The admiration for the Cheka was such that, on more than one occasion we were overtaken by awe for these praises.
If one were to believe some communists, without the Cheka the revolution would have been defeated, and Russia handed over to the insatiable voracity of the counterrevolutionary hordes.
So how could we pass up an opportunity to visit the Museum of such an institution that was both useful and revolutionary?
Upon our arrival at the building housing the offices of the Cheka, a woman, with the demeanor of an important person and a certain look of superiority, began to interrogate us.
Once she verified our identities as delegates to the Congress of the Third International, whose status in Russia can be compared to the status of Ambassadors in capitalist countries, she asked for our forgiveness and cleared us for entering the building.
In addition to the official interpreter who accompanied us, we were assigned a Cheka employee as a guide, who held a high-level position in the Museum.
On the first floor we entered a hall where objects were displayed.
The hall was not a large one, nor were there many objects on display. The museum nonetheless revealed the cruelty of the struggle waged between the various anti-Bolshevik groups and the Bolsheviks.
The first thing we saw was a black flag, partially burned, torn and full of bullet holes. In a glass display case, there were revolvers, grenades, and bladed weapons blackened by fire.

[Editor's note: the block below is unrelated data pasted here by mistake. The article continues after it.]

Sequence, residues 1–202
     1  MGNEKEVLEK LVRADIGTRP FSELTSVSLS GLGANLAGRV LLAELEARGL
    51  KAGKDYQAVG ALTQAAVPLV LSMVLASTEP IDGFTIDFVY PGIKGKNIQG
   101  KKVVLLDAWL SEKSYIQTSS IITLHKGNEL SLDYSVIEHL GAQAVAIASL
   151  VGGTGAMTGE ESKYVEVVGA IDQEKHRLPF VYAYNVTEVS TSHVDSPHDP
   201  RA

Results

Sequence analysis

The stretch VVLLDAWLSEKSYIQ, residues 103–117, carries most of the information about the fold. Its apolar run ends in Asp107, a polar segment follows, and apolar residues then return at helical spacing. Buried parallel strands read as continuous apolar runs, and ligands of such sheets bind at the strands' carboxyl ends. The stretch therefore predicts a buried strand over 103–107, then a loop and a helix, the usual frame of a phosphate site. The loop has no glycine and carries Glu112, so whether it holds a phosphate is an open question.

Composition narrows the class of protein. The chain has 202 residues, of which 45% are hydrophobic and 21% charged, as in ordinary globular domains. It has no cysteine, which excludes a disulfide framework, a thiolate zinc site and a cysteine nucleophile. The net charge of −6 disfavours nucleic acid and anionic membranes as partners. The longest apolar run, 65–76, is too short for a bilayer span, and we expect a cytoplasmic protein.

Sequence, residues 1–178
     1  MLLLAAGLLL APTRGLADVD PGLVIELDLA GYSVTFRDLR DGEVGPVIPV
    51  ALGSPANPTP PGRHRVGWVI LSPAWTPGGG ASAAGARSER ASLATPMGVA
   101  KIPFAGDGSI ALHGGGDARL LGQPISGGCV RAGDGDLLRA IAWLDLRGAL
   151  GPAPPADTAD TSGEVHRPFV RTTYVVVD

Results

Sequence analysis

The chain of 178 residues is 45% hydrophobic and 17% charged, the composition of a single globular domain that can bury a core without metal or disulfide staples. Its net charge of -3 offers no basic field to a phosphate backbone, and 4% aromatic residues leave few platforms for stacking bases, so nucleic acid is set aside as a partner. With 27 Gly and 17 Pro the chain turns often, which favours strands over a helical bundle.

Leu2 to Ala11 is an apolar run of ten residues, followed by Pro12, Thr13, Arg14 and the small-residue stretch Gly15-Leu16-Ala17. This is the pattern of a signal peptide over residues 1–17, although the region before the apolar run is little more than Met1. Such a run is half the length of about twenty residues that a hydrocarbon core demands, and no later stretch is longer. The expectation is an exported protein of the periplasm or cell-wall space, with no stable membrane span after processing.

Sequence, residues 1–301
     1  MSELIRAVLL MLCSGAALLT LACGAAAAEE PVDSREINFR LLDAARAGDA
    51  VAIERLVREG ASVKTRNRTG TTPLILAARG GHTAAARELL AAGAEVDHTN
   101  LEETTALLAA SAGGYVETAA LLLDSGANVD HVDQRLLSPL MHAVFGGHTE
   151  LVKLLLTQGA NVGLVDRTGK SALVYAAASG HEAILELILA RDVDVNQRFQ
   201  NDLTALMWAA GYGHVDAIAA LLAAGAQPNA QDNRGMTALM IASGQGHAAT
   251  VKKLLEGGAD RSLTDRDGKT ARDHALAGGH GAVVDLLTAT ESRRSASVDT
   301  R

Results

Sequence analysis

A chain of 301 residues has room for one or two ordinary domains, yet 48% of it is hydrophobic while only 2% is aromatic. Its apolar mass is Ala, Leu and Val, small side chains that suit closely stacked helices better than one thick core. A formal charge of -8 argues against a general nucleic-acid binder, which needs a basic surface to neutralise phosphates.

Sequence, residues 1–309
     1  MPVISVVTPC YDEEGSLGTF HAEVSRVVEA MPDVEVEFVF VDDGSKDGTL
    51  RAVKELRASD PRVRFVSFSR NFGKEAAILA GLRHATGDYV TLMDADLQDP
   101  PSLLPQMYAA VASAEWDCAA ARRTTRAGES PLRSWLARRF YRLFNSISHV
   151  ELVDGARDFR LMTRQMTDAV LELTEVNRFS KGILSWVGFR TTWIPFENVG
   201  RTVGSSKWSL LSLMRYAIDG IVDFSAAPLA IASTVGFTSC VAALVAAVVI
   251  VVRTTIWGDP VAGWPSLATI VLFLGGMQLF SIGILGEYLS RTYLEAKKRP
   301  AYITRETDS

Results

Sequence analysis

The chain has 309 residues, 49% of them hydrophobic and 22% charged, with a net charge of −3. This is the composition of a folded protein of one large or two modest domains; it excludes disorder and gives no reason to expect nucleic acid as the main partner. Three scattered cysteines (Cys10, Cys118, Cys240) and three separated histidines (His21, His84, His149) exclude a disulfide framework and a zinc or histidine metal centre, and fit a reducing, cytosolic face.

We inquired about the origin of these artifacts.
“They are,” we were told, “the weapons that were found with some burnt bodies in a house occupied by anarchists, after their bomb attack against the Bolsheviks on Leontyevsky Street.”
“When the identities of the authors of the bomb attack on Leontyevsky Street, which cost the lives of fourteen communists and wounded more than thirty, were discovered, their safe house was located, and because they responded to orders to surrender by shooting at the agents of the Cheka, the Cheka set fire to the house in an attempt to compel them to surrender. The black flag you see here is the banner of the group that carried out the bomb attack and which was waving on the balcony of the building.”
They showed us the jacket that Kolchak was wearing when he was shot after his defeat in Siberia.
We saw flags and standards taken from the counterrevolutionary armies and the political groups or gangs which, at one time or another, took up arms against the Government.
They called our attention to some primitive-looking weapons, among which we saw some kind of pistol constructed from parts scavenged from a Mauser rifle.
There were rough spears, long poles with one or two metal spikes at the end. There were other poles, shorter ones, which instead of spikes had a chain and a steel ball in a hexagonal shape on the end.